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Occupational Health

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Occupational Health Introduction Occupationally-related disease reported as early as the 4th century B.C. 1700 - Bernadino Ramazzini- father of occupational health ... – PowerPoint PPT presentation

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Title: Occupational Health


1
Occupational Health
2
Introduction
  • Occupationally-related disease reported as early
    as the 4th century B.C.
  • 1700 - Bernadino Ramazzini- father of
    occupational health
  • Mid-1880s, 1st occupational cancer observed in
    chimney sweepers (England)
  • 1885 U.S. Bureau of Labor
  • 1913 U.S. Department of Labor- its goals did NOT
    include workers health beyondpromoting their
    material, social, intellectual and moral
    prosperity
  • 1943 Alice Hamilton- mother of occupational
    health (Exploring the Dangerous Trades)

3
Protective Legislation in the Workplace
  • Federal Workers Compensation Act-
  • Workers Compensation
  • No-fault system
  • Settlements are reached promptly
  • Payments are based on predetermined benefits
  • Worker waves the right to sue employer
  • Worker must prove work-relatedness
  • 1936 Walsh-Healey Public Contracts Act
  • Federal Coal Mine Health Safety Act
  • 1970 Occupational Safety Health Act
  • 1976 Toxic Substances Control Act-
    Right-to-Know Act
  • 1990 Pollution Prevention Act

4
Identification of Occupational Health Problems
  • Large percentages of Americans employed in small
    companies (lt20 or lt100 employees)
  • Multiple exposures
  • Interactions
  • Inadequate reporting of work-related illnesses

5
Types Sources of Occupational Exposures
  • Toxic Chemicals
  • Examples metal fabrication, machining, welding,
    brazing, plating, painting can result in
    exposures to
  • Airborne chemicals metal dusts, metal fumes,
    acid mists, solvents
  • Skin chemicals cutting fluids, coolants, oils,
    solvents
  • Biological agents
  • Infectious diseases, hepatitis B, AIDS virus
  • Physical agents
  • Noise, heat stress, inadequate lighting,
    radiation, vibration, ergonomic hazards

6
Occupational Exposure Standards
  • The American Conference of Governmental
    Industrial Hygienists (ACGIH) was established in
    1938
  • Had a major role in developing limits for
    exposures in the workplace
  • A consensus group
  • Established TLVs (8-hour-TWA).
  • OSHA adopted 450 TLVs in 1971 and turned them
    into PELs (8-hourTWA). Not protective enough
  • TLVs are designed to protect the average worker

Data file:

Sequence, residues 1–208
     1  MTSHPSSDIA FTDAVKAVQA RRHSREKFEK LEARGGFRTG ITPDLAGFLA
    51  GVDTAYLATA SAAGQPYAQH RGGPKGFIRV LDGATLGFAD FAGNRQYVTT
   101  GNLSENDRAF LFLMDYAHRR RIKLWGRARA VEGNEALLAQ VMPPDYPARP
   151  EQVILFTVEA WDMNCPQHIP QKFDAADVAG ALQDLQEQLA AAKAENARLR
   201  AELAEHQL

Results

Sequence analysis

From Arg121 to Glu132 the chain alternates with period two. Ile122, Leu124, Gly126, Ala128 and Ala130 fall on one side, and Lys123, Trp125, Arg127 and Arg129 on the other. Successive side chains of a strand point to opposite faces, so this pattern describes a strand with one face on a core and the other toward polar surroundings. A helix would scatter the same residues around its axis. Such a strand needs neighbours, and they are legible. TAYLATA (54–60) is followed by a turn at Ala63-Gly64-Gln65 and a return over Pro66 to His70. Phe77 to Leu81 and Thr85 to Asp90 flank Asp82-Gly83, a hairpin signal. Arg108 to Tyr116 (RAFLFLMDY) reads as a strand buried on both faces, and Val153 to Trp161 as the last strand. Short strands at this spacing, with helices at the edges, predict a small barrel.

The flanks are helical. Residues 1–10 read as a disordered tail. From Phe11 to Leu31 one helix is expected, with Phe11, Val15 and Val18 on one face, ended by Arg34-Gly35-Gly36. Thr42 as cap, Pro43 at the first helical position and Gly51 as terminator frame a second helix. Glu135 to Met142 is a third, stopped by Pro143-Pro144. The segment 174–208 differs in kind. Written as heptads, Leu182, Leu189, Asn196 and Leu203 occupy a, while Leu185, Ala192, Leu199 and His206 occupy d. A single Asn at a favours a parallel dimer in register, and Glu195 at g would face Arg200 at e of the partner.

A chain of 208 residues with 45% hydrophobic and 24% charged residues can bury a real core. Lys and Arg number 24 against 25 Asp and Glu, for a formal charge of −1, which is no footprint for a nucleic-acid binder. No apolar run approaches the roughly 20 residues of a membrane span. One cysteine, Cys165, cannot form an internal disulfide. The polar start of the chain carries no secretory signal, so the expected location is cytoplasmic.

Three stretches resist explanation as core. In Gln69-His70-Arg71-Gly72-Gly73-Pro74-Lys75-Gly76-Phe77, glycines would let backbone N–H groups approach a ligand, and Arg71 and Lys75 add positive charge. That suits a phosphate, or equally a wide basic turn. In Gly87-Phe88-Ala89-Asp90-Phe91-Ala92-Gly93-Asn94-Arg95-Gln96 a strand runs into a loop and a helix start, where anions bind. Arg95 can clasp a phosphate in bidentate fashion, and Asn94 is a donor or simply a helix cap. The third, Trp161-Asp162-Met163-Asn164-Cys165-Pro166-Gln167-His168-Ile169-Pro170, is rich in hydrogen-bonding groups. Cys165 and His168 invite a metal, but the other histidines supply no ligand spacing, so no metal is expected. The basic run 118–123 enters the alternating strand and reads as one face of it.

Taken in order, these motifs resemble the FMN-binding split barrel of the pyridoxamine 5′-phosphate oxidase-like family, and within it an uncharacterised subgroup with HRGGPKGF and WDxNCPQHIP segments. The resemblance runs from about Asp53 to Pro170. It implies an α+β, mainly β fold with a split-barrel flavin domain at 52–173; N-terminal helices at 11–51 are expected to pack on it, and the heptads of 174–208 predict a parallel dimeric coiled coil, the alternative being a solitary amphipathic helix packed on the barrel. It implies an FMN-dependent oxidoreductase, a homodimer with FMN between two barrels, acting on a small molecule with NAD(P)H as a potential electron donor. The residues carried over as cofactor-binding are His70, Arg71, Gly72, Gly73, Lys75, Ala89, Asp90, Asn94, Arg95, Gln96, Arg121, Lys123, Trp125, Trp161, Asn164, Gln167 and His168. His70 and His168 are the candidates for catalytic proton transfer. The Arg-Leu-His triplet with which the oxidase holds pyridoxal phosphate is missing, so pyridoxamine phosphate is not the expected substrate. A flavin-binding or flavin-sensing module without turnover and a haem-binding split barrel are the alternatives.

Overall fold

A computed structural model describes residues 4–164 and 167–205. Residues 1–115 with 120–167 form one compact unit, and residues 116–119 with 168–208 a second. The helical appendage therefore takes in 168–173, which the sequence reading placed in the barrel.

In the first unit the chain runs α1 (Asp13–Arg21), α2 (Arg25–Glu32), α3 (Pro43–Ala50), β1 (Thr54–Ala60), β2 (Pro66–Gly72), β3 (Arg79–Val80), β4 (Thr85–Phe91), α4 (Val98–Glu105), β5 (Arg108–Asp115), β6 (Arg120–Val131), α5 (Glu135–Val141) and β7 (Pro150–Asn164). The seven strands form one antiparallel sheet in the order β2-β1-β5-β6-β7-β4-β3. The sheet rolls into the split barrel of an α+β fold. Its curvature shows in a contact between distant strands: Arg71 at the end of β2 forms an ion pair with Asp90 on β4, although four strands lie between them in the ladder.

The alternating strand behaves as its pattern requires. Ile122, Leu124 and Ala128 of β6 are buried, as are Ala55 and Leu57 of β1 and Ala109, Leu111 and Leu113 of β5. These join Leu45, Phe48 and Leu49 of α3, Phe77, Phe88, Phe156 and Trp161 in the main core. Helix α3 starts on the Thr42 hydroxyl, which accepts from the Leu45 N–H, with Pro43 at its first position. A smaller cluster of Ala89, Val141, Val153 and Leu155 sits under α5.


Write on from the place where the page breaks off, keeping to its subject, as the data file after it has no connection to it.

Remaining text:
from either recognized acute effects or easily
    recognized chronic effects.
  • TLVs are based on animal toxicity data or
    available epi studies.
  • They do not address sensitive populations,
    workers with prior exposures
  • They do not address carcinogenocity, mutagenicity
    or teratogenicity
  • OSHA later developed standards for asbestos,
    vinyl chloride, arsenic, DBCP, coke oven
    emissions, acrylonitrile, lead, cotton dust,
    benzene, , ethylene oxide, formaldehyde, and 14
    carcinogens.
  • OSHAs Carcinogen Standard.

7
Occupational Exposure Standards
  • The OSHA Act states under section 6(b)(5) that
    the Secretary of Labor in promulgating standards
    dealing with toxic material or physical agents,
    shall set the standard that most adequately
    assures, to the extentfeasible, on the basis of
    the best available evidence, that no employee
    will suffer material impairment of health or
    functional capacity, even if such employee has a
    regular exposure to the hazardous dealth with by
    such standard for the period of jis
  • working life.
  • OSHA PEL (8 hour Time-Weighted Average)
  • OSHA STEL (15 minute TWA)
  • OSHA Ceiling
  • ACGIH established TLVs BEIs
  • TLVs are standards for maximum airborne
    concentration that may be inhaled by a worker ?
    exposure
  • BEIs are for monitoring chemicals or their
    metabolites in biological fluids or tissues
    (urine, blood, and exhaled air) ? dose

8
Monitoring the Workplace
  • Airborne Chemicals
  • Air pump used
  • Sample collected on a filter, a sorbent tube, a
    liquid or in a bag.
  • Sample type
  • 1. Area air sample
  • 2. Personal air sample
  • 3. Biological monitoring
  • Advantages
  • Disadvantages
  • Sampling method
  • 1. Grab sampling
  • 2. Integrated sampling
  • 3. Passive sampling

9
Monitoring the Workplace
  • Biological Agents
  • Air pump used
  • Sample collected on a medium that can be
    cultured.
  • Bioaerosols come in many different types
    sampling and analytical methods vary.
  • Physical Agents
  • Real-time measurement instruments are often used
  • Integrated measurements are also used to evaluate
    hazards
  • Physical hazards include
  • HEAT/COLD STRESS
  • NOISE
  • RADIATION

10
Hierarchy of Occupational Exposure Controls
  • Elimination or Substitution
  • Process or equipment modification
  • Isolation or Enclosure
  • Local exhaust ventilation
  • Personal Protective Equipment
  • Work practices and housekeeping
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